Sara Routhier, Managing Editor and Outreach Director, has professional experience as an educator, SEO specialist, and content marketer. She has over five years of experience in the insurance industry. As a researcher, data nerd, writer, and editor she strives to curate educational, enlightening articles that provide you with the must-know facts and best-kept secrets within the overwhelming world o...

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Joel Ohman is the CEO of a private equity-backed digital media company. He is a CERTIFIED FINANCIAL PLANNER™, author, angel investor, and serial entrepreneur who loves creating new things, whether books or businesses. He has also previously served as the founder and resident CFP® of a national insurance agency, Real Time Health Quotes. He also has an MBA from the University of South Florida. ...

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Reviewed by Joel Ohman
Founder, CFP®

UPDATED: May 15, 2012

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Earlier this year, Congressman Hansen Clarke of Detroit pitched a new bill that sparked a wildfire of support amongst the younger generations. His proposal, the Student Loan Forgiveness Act of 2012, otherwise known as HR4170, sought to forgive student loans for all borrowers who have made payments equal to 10 percent of their discretionary income for 10 years.

“It’s time for Congress to stand up for the rights of student loan borrowers,” said Clarke as he took the stand in front of his fellow congressmen. “It’s time to forgive these student loans.”

A Short-Sighted Solution

But such a statement isn’t practical, and those who support the bill—at least in its current form—aren’t looking at the big picture.

Rather, those who currently have college-related debt or those who are currently looking for student loans are only thinking about their individual financial futures.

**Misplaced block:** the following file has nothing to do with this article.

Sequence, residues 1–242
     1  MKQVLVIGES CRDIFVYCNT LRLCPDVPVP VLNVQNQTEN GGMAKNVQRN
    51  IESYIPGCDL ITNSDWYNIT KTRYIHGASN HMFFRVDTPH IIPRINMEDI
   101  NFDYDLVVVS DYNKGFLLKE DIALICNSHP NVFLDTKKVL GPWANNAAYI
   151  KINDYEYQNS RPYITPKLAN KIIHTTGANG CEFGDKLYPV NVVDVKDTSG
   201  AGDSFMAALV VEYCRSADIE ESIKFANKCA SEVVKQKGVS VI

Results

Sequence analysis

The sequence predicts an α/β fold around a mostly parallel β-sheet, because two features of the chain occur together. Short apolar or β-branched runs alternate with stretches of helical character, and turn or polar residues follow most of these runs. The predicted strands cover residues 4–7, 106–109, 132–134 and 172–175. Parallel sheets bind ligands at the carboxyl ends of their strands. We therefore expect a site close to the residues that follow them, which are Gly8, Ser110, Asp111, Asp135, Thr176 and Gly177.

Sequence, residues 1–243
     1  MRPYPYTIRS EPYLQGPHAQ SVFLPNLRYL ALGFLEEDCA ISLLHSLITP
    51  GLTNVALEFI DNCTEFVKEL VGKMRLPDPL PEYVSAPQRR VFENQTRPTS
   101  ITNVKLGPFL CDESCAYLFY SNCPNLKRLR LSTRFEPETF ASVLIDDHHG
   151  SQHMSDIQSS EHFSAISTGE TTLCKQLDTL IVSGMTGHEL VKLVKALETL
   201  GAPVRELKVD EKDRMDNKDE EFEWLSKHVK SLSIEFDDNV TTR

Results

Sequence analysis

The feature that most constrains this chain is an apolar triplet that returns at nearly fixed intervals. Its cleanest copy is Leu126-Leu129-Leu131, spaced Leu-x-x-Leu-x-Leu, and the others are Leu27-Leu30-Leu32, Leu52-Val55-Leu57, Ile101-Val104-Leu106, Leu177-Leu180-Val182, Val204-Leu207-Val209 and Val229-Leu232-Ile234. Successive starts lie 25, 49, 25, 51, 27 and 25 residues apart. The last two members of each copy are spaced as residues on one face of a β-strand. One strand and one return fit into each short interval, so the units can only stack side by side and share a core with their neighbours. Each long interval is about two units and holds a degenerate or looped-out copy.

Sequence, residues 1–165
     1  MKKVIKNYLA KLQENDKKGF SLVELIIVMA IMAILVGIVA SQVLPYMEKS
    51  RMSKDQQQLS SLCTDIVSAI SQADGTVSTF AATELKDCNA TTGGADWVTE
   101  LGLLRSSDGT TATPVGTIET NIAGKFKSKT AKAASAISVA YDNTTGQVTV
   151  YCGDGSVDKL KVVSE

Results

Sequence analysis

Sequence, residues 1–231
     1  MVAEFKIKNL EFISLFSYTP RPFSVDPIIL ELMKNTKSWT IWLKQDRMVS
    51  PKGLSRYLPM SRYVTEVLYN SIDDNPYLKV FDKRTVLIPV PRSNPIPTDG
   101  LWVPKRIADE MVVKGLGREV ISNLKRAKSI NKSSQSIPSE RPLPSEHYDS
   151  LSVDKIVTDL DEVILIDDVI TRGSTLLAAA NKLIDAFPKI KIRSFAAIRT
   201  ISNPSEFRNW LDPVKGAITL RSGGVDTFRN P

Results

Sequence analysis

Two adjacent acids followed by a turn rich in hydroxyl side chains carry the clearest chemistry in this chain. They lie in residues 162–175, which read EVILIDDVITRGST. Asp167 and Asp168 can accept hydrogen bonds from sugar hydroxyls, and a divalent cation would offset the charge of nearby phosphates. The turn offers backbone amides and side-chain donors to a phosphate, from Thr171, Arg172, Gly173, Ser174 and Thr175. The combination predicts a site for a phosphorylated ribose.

If student loans are forgiven on a grand scale, that existing college debt doesn’t disappear. It gets moved around. Those who are currently burdened with this looming financial obligation may find temporary relief, but the strain will then be placed on the shoulders of those who didn’t necessarily have anything to do with this debt acquisition: the taxpayers.

Is that really true though? Many believe the burden would simply fall onto the desks of lenders, originators, and those who helped create this growing student loan debt bomb. But the sad reality is, we are already paying for other people’s student loans—and mass forgiveness has not even yet occurred.

Educational Credit Management Corporation

In a report by Bloomberg, a debt collector named Joshua Mandelman was found to have made $454,000 in one year—a figure twice that of the annual salary for the U.S. secretary of education.

The CEO that oversaw Mandelman, a former Sallie Mae executive named Richard Boyle, took home $1.1 million in 2010. These men worked for a company called Educational Credit Management Corp. (ECMC), and they’re six- and seven-figure salaries came not from selling a product, but from commissions funded by taxpayer money.

ECMC is but one of 32 guaranty agencies that oversee student loans on behalf of the U.S. Education Department. These companies guaranty college financing taken out by students, and promise to repay lenders in the even a borrower defaults.

If students do default, guaranty agencies front the money, but then hand the failed loan over to the federal government. The federal government then pays the agencies for the amount they fronted, using taxpayers’ hard earned money to hedge any risk these companies take on.